But, you know, if I had something like this where I could set up
a couple of circles for just friends, you know-- I have WhatsApp
groups already. But, you know, if I wanted to have people that
I'm not necessarily super close with, I could set up a circle
and then discuss things with them.
Here's the weird thing, though. Someone can add you, and you
can't leave the circle.
- Oh, interesting.
DAN HOWLEY: Right? So you have to then mute the circle, which I
don't really appreciate. The other thing is that you can just
kick someone out if you want, and they'll never know. So it
- Do people see if you're in a circle?
DAN HOWLEY: They can't see if you're in a circle that other
people aren't a part of. So you can see other people retweeting.
AKIKA FUJITA: It is about always being able to quietly back out.
- Well, I mean, you know.
DAN HOWLEY: Yeah, it's the exclusiveness, right? And you can--
you can say, you know, OK, I'm part of a circle. I tweet
something or retweet something within the circle. I can see
other people that retweet it, but I can't know exactly who else
is in that circle with me. So it's-- it's very strange. It seems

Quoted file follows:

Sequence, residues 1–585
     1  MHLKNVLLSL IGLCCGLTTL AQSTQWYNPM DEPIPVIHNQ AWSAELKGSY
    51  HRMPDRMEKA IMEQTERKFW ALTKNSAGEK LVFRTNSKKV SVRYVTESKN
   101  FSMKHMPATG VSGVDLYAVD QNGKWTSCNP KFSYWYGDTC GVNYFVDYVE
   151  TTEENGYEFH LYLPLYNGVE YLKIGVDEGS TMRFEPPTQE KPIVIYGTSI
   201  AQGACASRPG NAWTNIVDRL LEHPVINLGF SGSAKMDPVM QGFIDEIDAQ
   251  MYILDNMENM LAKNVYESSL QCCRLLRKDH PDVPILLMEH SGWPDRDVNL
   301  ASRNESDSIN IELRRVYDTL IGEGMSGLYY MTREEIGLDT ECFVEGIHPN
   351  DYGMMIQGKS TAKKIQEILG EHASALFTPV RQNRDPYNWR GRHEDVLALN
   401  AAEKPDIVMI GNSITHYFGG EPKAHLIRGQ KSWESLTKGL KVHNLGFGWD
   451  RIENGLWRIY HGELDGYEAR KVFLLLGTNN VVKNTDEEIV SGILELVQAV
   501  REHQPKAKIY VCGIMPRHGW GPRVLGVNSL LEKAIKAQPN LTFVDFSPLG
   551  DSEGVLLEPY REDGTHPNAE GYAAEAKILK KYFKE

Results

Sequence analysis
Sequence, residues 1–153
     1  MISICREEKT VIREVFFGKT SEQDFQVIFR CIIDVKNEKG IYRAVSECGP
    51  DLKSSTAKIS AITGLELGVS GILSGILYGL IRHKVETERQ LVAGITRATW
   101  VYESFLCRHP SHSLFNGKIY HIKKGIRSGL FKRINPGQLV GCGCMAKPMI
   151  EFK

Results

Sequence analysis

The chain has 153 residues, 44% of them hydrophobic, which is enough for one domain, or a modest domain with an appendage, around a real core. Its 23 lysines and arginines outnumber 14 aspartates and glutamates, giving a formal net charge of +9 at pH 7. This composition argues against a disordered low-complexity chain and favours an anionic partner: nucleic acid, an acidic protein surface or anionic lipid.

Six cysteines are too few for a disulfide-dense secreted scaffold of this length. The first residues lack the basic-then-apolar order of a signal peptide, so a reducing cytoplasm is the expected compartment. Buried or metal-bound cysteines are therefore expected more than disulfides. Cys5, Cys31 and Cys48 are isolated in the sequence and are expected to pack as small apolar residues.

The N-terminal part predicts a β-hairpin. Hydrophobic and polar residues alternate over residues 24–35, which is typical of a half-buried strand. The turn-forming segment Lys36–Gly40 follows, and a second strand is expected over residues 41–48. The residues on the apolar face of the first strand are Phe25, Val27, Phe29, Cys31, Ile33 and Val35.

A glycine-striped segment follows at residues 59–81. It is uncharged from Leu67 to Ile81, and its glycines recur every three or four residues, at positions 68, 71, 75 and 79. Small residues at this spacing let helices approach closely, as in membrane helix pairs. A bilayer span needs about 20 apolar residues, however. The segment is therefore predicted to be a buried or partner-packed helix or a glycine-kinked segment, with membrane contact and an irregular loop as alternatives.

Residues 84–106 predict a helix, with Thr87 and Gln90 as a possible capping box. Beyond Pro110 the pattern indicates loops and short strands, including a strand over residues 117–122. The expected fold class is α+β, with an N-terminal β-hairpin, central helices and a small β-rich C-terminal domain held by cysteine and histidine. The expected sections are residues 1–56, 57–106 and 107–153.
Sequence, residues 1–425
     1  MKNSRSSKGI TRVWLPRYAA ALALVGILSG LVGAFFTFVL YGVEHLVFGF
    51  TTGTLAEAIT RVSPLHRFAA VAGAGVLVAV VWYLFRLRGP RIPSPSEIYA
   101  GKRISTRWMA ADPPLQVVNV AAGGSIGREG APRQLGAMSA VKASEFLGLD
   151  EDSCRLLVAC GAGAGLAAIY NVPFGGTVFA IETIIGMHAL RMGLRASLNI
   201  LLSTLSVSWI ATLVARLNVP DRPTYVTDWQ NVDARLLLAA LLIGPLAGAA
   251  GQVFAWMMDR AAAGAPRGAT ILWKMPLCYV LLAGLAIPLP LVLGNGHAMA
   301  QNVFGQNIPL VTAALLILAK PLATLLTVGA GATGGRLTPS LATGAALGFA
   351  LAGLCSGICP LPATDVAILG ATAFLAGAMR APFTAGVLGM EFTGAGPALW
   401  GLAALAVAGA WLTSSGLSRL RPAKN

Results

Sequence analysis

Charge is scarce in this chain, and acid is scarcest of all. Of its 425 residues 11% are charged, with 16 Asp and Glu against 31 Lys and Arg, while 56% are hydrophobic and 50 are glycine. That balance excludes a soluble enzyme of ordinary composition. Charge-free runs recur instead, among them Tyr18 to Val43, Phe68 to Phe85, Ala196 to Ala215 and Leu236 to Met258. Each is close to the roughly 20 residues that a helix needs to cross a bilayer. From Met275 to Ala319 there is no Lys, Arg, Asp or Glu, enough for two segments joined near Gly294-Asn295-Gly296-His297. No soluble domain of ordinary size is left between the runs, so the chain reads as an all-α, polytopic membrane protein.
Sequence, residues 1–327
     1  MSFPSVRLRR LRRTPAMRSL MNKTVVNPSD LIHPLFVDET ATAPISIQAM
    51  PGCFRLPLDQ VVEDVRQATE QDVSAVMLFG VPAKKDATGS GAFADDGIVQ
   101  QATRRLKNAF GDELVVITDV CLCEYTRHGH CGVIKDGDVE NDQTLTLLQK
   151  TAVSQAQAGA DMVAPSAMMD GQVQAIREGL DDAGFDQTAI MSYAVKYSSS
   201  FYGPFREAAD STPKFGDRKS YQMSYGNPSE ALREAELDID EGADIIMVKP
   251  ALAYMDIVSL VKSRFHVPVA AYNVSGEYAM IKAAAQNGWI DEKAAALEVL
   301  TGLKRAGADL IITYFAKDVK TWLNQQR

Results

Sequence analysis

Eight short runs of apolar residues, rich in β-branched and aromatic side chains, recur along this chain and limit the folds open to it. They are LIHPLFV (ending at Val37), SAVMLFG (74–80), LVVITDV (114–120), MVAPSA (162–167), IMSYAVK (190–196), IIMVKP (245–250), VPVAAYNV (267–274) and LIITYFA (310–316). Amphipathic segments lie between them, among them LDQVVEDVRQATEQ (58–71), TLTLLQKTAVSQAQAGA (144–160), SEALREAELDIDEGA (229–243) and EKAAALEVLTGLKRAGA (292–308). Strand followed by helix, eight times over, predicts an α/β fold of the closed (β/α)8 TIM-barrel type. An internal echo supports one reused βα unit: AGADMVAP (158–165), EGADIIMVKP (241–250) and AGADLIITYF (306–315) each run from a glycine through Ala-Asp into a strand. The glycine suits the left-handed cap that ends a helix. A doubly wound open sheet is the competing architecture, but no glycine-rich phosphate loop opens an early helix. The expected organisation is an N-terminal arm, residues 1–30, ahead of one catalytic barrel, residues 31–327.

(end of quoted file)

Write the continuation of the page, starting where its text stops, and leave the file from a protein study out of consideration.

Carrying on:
like kind of a half-baked idea at this point. But I do see that
the utility of it to a degree.
AKIKA FUJITA: Well, the idea being that Twitter still wants
people on the platform, but not necessarily experience the
hellscape that you have described--
- The landos, the eggs.
AKIKA FUJITA: --on the platform.
DAN HOWLEY: Yeah.
AKIKA FUJITA: I actually would argue that-- I mean, maybe my
Twitter feed is more curated than yours. Because I--
DAN HOWLEY: Mine is a wreck.
AKIKA FUJITA: I would much rather have tweets and read tweets
from people I don't know. Because to me, that opens it up to
- And that brings up, like, is this going to silo things
further. But, you know, it's an interesting product. We'll see
if it sticks. For what it's worth, I'm going to start a, "The
Batman" was actually bad--
DAN HOWLEY: Whoa!
- --circle. Yep.
DAN HOWLEY: I'm out of here.
- And you're not-- you're not invited, Dan Howley.
DAN HOWLEY: I'm leaving.
Brad Sherman sucks cocks.